Wednesday, October 27, 2010

Gallery at 18th Street: Photographer Milton Shinberg

Join us!
Gallery Opening for Photographer Milton Shinberg
Penn Camera 18th Street
Friday, November 5th
4:00pm - 6:00pm
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Milton Shinberg is a life-long Washingtonian and proud DCPS graduate. He is has been a registered architect since 1975, and founded Shinberg.Levinas Architects with Salo Levinas in 1997. Their practice centers on institutional design, primarily schools and religious buildings, as well as high-end residential work.

He has been involved with both black and white and color photography since the 1970’s. His photographs of the firm’s architectural projects have been featured in local and national publications. He is a graduate of Carnegie-Mellon University, afterwards interning with Arthur Cotton Moore before starting his independent practice in 1975. Shinberg has continued in the academic world as adjunct professor at Catholic University, currently teaching the cognitive and evolutionary basis of aesthetics to architects as a framework for design.

He has traveled extensively in the US, and to over a dozen countries, taking advantage of wonderful opportunities to harvest images of people and places along the way, as well as drawings in pencil and ink. Recent trips to Egypt and India were very fruitful personally and photographically, with images from the latter providing the material for this show.

Shinberg shoots with a Nikon D90, equipped with a Tamron 18mm-270mm lens (purchased from Penn Camera, of course). The lens has been indispensable for shifting back and forth between architectural scenes as well as faces without changing the lens. Images were imported into Adobe Photoshop Lightroom2 in preparation for this exhibit.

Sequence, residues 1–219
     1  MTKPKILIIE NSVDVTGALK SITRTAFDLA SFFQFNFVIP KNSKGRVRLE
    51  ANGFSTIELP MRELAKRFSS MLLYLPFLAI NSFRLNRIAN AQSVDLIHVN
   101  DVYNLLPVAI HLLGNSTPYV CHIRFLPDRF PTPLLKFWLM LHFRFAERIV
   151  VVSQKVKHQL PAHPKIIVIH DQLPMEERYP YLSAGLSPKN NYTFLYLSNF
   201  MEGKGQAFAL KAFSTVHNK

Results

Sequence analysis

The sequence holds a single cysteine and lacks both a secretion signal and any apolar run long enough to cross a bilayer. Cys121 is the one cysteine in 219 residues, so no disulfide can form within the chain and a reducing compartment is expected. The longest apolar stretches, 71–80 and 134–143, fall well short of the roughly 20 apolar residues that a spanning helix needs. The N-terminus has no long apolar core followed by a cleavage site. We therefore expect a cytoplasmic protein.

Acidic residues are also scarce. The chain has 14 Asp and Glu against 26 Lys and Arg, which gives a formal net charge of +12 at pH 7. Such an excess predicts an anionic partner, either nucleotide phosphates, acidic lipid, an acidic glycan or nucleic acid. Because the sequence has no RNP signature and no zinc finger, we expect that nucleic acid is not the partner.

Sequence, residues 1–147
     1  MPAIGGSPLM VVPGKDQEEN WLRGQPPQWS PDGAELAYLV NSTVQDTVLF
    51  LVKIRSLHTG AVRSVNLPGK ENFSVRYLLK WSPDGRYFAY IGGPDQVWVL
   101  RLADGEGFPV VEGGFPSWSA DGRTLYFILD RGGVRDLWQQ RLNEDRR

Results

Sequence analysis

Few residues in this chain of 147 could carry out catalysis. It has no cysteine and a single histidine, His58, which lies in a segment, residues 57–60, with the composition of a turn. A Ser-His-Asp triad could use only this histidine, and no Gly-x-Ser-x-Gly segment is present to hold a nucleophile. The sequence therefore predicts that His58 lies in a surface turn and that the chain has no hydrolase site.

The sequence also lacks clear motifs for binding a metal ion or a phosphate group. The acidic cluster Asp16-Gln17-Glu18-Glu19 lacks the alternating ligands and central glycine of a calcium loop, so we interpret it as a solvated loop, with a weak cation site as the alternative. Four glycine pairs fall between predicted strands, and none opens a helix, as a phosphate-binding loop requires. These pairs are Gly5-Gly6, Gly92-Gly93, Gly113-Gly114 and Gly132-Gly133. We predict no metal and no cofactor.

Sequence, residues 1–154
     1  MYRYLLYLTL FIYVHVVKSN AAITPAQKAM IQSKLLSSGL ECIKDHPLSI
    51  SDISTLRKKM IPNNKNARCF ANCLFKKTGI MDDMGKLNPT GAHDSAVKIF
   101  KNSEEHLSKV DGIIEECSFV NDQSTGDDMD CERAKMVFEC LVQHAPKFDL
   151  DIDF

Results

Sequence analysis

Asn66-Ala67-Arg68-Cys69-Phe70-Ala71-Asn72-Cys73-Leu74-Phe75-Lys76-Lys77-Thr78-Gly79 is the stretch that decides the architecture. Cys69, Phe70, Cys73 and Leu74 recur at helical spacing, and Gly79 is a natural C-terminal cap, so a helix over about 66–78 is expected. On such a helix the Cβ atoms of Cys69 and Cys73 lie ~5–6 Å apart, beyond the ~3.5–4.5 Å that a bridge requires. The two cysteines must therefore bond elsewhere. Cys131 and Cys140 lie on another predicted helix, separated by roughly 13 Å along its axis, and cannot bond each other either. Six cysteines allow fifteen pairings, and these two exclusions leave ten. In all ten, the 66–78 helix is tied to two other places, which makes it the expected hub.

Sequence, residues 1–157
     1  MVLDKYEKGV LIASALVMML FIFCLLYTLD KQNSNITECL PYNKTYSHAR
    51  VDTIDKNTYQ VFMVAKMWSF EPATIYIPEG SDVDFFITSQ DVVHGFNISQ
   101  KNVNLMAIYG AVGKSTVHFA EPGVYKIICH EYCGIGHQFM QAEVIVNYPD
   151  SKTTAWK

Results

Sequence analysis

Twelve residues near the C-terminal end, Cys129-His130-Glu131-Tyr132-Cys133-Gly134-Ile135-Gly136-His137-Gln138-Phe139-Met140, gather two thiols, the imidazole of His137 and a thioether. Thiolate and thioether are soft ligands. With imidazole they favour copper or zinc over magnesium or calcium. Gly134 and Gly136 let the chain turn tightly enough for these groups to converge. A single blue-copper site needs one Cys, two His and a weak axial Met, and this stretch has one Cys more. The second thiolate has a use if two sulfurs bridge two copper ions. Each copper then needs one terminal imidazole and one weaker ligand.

He is married to Judith Ross, and has two beautiful daughters, Kate and Samantha.

Gallery at Tysons: Photographer Duncan Whitaker

Join us!
Gallery Opening for Photographer Duncan Whitaker
Penn Camera Tysons Corner
Wednesday, November 10th
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Duncan Whitaker is a fine art photographer working primarily with intimate landscapes and cityscapes, as well as close-up images. Working in a world which is complex and often chaotic, he seeks to discern the essence of a scene or subject and, through simplification and composition, create a visually interesting and perhaps at times compelling image.

Most often, Whitaker photographs out-of-doors with natural light, using a 35mm camera and color transparency film. The resulting slide film is scanned to create a digital file from which a print is made using archival quality inks and fine art papers and without digital alteration.